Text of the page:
BARRY WALKER

BORN: CIRCA 1943

POSITION: MIDFIELD

PREVIOUS CLUBS: DERBY COUNTY

MILESTONES:

ILKESTON DEBUT: 22ND AUGUST 1964 v MATLOCK TOWN (AWAY)

FINAL APPEARANCE: 4TH MAY 1969 v BOSTON (AWAY)

FIRST GOAL: 21ST NOVEMBER 1964 v MATLOCK TOWN (HOME)

100TH APPEARANCE: 22ND OCTOBER 1966 v SUTTON TOWN (AWAY)

150TH APPEARANCE: 16TH DECEMBER 1967 v ARNOLD (AWAY)

200TH APPEARANCE: 15TH FEBRUARY 1969 v HEANOR TOWN (HOME)

HONOURS:

EVER PRESENT: 1964/65, 1968/69

MIDLAND COUNTIES LEAGUE CHAMPION: 1967/68


Barry Walker was recommended to the club by Derby County legend and Ilkestonian Geoff Barrowcliffe. When it became clear that Walker, who had been with Derby since his teens, was not going to be offered a contract Barrowcliffe contacted his old club to tell them that it was worth taking a chance on this young talent. Ilkeston heeded his wise advice and Walker went on to become one of the best midfield players in their history.

Quite why Walker, who never broke into Derby’s first team, never made it as a professional isn’t easy to fathom for he appeared to have ability in abundance and was a joy to watch. Whether he was making surging runs forward, playing a killer pass, or delivering deadly accurate centres, Walker seemed to have it all. If one was to be critical it could be said that his goals return was a disappointment but few complained because his creativity led to so many goals scored by his grateful colleagues.

Walker was signed prior to the start of the 1964/65 season, a season that proved to be a tortuous one for the club and supporters. Town placed an emphasis on youth with a couple of experienced heads but most of the younger players were not up to the mark and Ilkeston struggled near the bottom, the only slight improvement taking place when a few older heads were signed. Walker, however, was definitely more than capable of lighting up the Midland Counties League and his performances at least gave the fans something to cheer about. From then onwards he no longer stood out but that was not because of any stagnation on his part but because in 1965 Town signed some much better players to play around him.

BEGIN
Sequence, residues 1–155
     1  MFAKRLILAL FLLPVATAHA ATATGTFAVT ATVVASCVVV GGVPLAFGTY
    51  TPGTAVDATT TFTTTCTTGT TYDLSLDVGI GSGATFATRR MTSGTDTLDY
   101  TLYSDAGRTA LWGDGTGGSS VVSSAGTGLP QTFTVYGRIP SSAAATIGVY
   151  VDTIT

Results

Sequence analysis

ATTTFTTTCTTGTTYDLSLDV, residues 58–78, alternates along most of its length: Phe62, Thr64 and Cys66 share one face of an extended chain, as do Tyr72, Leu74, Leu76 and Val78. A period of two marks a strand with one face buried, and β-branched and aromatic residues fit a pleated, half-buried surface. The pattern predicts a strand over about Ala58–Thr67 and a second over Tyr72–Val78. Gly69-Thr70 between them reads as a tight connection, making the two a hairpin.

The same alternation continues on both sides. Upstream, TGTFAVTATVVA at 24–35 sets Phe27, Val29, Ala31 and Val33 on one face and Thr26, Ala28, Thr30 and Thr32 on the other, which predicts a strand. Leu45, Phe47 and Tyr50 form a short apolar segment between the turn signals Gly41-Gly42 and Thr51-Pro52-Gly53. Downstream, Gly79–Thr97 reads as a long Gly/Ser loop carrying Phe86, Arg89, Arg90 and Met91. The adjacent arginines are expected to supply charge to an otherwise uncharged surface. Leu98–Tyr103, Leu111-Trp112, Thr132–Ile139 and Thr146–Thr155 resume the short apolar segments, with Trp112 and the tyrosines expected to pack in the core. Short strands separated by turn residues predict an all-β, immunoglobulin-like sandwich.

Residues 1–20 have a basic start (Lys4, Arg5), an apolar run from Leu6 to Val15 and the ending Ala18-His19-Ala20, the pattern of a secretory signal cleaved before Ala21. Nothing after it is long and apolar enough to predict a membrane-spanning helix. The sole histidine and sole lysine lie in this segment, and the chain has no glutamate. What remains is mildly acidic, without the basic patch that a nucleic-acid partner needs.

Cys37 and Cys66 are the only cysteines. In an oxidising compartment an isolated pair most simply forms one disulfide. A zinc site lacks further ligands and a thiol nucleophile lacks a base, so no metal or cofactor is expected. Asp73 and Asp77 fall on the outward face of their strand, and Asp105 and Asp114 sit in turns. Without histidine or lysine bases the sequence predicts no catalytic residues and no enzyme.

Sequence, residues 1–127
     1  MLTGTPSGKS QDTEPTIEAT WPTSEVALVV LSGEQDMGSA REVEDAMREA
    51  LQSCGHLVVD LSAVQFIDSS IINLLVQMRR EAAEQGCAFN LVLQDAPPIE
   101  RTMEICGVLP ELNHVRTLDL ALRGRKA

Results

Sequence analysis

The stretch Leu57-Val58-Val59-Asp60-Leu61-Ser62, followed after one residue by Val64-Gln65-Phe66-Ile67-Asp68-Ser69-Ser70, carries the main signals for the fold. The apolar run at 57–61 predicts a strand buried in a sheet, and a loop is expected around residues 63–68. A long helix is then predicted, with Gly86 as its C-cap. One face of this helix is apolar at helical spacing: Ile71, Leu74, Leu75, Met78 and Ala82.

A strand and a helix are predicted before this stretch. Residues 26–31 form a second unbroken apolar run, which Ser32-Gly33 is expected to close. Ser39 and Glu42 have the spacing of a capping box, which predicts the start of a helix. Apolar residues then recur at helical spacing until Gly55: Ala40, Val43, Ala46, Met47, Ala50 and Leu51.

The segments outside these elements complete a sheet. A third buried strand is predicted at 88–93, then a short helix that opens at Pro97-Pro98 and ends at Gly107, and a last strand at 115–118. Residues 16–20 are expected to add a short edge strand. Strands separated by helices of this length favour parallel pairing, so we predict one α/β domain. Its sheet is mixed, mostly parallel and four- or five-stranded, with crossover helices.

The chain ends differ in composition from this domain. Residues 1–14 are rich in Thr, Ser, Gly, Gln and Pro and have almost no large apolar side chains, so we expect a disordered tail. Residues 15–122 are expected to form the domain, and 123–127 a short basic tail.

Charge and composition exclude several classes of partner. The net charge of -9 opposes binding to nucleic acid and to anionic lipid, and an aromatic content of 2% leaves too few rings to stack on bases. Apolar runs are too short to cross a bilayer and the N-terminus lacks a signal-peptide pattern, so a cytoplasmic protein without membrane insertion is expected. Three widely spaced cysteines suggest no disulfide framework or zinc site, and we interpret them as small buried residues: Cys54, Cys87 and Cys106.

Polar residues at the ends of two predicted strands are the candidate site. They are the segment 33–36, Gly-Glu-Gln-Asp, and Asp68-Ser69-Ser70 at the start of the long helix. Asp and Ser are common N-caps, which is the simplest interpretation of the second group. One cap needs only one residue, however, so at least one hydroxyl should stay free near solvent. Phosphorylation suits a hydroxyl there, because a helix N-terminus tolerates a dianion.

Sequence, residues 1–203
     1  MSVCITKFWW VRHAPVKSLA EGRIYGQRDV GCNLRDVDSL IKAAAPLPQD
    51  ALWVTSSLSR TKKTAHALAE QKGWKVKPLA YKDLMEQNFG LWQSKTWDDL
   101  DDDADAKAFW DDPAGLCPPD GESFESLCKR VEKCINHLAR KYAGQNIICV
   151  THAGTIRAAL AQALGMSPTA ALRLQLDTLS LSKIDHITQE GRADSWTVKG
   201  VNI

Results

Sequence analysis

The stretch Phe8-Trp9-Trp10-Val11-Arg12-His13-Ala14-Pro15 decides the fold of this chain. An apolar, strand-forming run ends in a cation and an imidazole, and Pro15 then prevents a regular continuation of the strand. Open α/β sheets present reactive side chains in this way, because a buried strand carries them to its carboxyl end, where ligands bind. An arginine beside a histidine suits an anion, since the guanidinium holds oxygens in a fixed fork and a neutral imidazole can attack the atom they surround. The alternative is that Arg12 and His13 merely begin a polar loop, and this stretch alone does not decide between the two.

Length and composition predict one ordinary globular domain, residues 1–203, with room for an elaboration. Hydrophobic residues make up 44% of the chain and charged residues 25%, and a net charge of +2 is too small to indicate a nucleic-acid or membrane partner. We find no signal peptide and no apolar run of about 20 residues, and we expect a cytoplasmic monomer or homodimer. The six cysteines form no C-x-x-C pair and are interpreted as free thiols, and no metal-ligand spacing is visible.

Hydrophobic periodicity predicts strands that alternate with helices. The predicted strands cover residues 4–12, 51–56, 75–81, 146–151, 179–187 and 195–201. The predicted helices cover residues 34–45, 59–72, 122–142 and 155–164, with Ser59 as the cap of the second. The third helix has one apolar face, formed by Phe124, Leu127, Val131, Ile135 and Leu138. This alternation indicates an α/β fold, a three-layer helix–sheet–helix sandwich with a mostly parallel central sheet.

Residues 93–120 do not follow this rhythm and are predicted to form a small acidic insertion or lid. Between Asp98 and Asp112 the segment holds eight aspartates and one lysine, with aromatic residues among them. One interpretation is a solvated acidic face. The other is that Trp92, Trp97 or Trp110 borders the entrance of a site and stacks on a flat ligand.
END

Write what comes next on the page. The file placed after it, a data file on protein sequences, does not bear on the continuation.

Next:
To begin with Ilkeston weren’t too sure where best to play him. He frequently played on the right wing during his first season, no doubt because of his ability to cross accurately both from open play and dead ball situations. At times he became isolated, however, and a player of his class needed to become more involved for their potential to be realised. Ilkeston wisely moved him inside into a more central position where his accurate passing could be fully utilised but even then his best position wasn’t certain because of his adaptability. Sometimes he would play in a deeper midfield role in the half back line where he could initiate forward moves. At other times he played further forward where he could cause damage with his forward bursts, defence splitting passes and crosses. Whichever role he played in Walker proved his worth throughout his five seasons at the club, and he was a key player when The Robins clinched the Midland Counties League title in 1967/68.